173. K. P. Campbell and R. H. Crosbie, “Utrophin to the rescue,” Nature, vol. 384, no. 6607, pp. 308–309, 1996. View at Publisher · View at Google Scholar · View at PubMed
  174. J. M. Tinsley, A. C. Potter, S. R. Phelps, R. Fisher, J. I. Trickett, and K. E. Davies, “Amelioration of the dystrophic phenotype of mdx mice using a truncated utrophin transgene,” Nature, vol. 384, no. 6607, pp. 349–353, 1996. View at Publisher · View at Google Scholar · View at PubMed
  175. G. L. Odom, P. Gregorevic, J. M. Allen, E. Finn, and J. S. Chamberlain, “Microutrophin delivery through rAAV6 increases lifespan and improves muscle function in dystrophic dystrophin/Utrophin-deficient mice,” Molecular Therapy, vol. 16, no. 9, pp. 1539–1545, 2008. View at Publisher · View at Google Scholar · View at PubMed
  176. E. Chaubourt, P. Fossier, G. Baux, C. Leprince, M. Israel, and S. De La Porte, “Nitric oxide and L-arginine cause an accumulation of utrophin at the sarcolemma: a possible compensation for dystrophin loss in Duchenne muscular dystrophy,” Neurobiology of Disease, vol. 6, no. 6, pp. 499–507, 1999. View at Publisher · View at Google Scholar · View at PubMed
  177. E. R. Barton, L. Morris, M. Kawana, L. T. Bish, and T. Toursel, “Systemic administration of L-arginine benefits mdx skeletal muscle function,” Muscle and Nerve, vol. 32, no. 6, pp. 751–760, 2005. View at Publisher · View at Google Scholar · View at PubMed
  178. V. Voisin, C. Sebrie, S. Matecki, et al., “L-arginine improves dystrophic phenotype in mdx mice,” Neurobiology of Disease, vol. 20, no. 1, pp. 123–130, 2005. View at Publisher · View at Google Scholar · View at PubMed
  179. F. Benabdellah, A. Seyer, L. Quinton, D. Touboul, A. Brunelle, and O. Laprévote, “Mass spectrometry imaging of rat brain sections: nanomolar sensitivity with MALDI versus nanometer resolution by TOF-SIMS,” Analytical and Bioanalytical Chemistry, vol. 396, no. 1, pp. 151–162, 2010. View at Publisher · View at Google Scholar · View at PubMed
  180. K. Hnia, J. Gayraud, G. Hugon, et al., “L-arginine decreases inflammation and modulates the nuclear factor-κB/matrix metalloproteinase cascade in Mdx muscle fibers,” American Journal of Pathology, vol. 172, no. 6, pp. 1509–1519, 2008. View at Publisher · View at Google Scholar · View at PubMed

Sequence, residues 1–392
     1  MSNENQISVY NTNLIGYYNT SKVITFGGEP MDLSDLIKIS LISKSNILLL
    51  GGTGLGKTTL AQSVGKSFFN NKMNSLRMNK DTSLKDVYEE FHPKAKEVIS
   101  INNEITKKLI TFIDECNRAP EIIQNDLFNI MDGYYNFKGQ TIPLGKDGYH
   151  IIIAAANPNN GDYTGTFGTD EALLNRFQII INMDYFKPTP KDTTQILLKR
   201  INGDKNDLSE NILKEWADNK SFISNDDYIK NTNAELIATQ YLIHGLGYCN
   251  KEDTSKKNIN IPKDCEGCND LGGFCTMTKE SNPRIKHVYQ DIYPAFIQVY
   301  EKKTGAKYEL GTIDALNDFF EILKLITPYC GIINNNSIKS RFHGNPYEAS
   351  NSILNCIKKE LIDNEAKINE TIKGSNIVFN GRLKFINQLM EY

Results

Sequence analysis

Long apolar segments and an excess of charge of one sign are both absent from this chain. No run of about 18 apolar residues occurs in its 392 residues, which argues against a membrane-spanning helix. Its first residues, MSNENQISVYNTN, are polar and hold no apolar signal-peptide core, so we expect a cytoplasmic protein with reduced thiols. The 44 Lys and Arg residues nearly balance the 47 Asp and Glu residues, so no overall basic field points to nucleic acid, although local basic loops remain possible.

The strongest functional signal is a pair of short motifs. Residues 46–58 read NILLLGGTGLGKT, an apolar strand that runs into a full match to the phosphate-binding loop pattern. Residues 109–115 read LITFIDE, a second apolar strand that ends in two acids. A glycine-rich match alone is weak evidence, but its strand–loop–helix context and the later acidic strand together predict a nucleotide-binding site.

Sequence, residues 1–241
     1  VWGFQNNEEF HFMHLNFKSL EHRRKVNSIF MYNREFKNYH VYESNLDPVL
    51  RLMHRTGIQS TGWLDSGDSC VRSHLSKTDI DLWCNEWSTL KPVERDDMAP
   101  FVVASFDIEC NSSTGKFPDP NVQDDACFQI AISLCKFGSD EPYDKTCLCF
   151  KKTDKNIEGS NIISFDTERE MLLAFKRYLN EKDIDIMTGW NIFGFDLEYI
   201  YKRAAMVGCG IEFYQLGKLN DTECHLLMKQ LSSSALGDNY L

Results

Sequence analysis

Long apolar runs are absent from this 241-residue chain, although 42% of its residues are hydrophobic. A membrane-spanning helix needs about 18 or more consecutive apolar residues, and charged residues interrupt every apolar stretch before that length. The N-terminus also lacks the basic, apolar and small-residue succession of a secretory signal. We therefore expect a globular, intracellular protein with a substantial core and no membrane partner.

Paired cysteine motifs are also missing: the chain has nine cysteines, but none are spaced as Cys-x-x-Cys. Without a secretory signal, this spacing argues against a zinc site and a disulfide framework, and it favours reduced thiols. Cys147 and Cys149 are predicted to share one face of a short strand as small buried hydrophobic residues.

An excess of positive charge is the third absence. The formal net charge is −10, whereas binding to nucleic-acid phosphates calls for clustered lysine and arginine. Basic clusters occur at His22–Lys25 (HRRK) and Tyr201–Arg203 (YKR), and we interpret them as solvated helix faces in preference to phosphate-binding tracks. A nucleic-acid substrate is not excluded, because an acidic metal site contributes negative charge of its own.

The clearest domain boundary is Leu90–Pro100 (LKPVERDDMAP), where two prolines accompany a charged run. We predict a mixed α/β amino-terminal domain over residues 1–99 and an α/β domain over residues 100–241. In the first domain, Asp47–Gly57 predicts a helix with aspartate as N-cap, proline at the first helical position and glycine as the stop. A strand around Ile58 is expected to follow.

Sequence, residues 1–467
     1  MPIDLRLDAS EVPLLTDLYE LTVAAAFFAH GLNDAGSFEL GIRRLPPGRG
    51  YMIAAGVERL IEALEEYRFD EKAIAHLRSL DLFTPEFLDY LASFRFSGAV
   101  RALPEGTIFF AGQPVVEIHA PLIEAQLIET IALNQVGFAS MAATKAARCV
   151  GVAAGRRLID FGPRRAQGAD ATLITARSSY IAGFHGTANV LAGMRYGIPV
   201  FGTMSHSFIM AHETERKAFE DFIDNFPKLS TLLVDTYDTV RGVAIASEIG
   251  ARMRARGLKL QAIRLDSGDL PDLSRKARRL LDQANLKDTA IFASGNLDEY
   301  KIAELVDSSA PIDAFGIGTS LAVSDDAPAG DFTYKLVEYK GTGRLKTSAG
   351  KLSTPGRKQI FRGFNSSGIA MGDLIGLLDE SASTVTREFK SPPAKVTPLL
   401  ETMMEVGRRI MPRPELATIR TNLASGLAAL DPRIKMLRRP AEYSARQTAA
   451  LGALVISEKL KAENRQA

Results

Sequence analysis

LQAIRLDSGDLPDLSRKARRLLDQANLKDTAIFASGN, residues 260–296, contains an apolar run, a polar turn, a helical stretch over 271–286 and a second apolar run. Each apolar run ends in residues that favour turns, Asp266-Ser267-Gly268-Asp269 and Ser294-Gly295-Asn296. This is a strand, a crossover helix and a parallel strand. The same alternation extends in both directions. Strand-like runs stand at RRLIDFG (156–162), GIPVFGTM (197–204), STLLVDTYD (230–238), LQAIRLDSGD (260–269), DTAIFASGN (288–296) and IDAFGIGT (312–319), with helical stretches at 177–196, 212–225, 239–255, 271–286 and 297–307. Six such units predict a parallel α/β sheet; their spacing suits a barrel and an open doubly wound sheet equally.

181. D. Chazalette, K. Hnia, F. Rivier, G. Hugon, and D. Mornet, “α7B integrin changes in mdx mouse muscles after L-arginine administration,” FEBS Letters, vol. 579, no. 5, pp. 1079–1084, 2005. View at Publisher · View at Google Scholar · View at PubMed
  182. B. Deng, D. Glanzman, and J. G. Tidball, “Nitric oxide generated by muscle corrects defects in hippocampal neurogenesis and neural differentiation caused by muscular dystrophy,” Journal of Physiology, vol. 587, no. 8, pp. 1769–1778, 2009. View at Publisher · View at Google Scholar · View at PubMed
  183. T. S. Khurana, A. G. Rosmarin, J. Shang, T. O. B. Krag, S. Das, and S. Gammeltoft, “Activation of utrophin promoter by heregulin via the ets-related transcription factor complex GA-binding protein α/β,” Molecular Biology of the Cell, vol. 10, no. 6, pp. 2075–2086, 1999.
  184. T. O. B. Krag, S. Bogdanovich, C. J. Jensen, et al., “Heregulin ameliorates the dystrophic phenotype in mdx mice,” Proceedings of the National Academy of Sciences of the United States of America, vol. 101, no. 38, pp. 13856–13860, 2004. View at Publisher · View at Google Scholar · View at PubMed
  185. A. J. Kastin, V. Akerstrom, and W. Pan, “Neuregulin-1-β1 enters brain and spinal cord by receptor-mediated transport,” Journal of Neurochemistry, vol. 88, no. 4, pp. 965–970, 2004.
  186. J. V. Chakkalakal, M.-A. Harrison, S. Carbonetto, E. Chin, R. N. Michel, and B. J. Jasmin, “Stimulation of calcineurin signaling attenuates the dystrophic pathology in mdx mice,” Human Molecular Genetics, vol. 13, no. 4, pp. 379–388, 2004. View at Publisher · View at Google Scholar · View at PubMed
  187. P. Miura and B. J. Jasmin, “Utrophin upregulation for treating Duchenne or Becker muscular dystrophy: how close are we?” Trends in Molecular Medicine, vol. 12, no. 3, pp. 122–129, 2006. View at Publisher · View at Google Scholar · View at PubMed
  188. S. J. G. St-Pierre, J. V. Chakkalakal, S. M. Kolodziejczyk, J. C. Knudson, B. J. Jasmin, and L. A. Megeney, “Glucocorticoid treatment alleviates dystrophic myofiber pathology by activation of the calcineurin/NF-AT pathway,” FASEB Journal, vol. 18, no. 15, pp. 1937–1939, 2004. View at Publisher · View at Google Scholar · View at PubMed
  189. A. O. Gramolini and B. J. Jasmin, “Expression of the utrophin gene during myogenic differentiation,” Nucleic Acids Research, vol. 27, no. 17, pp. 3603–3609, 1999. View at Publisher · View at Google Scholar
  190. P. Miura, J. V. Chakkalakal, L. Boudreault, et al., “Pharmacological activation of PPARβ/δ stimulates utrophin A expression in skeletal muscle fibers and restores sarcolemmal integrity in mature mdx mice,” Human Molecular Genetics, vol. 18, no. 23, pp. 4640–4649, 2009. View at Publisher · View at Google Scholar · View at PubMed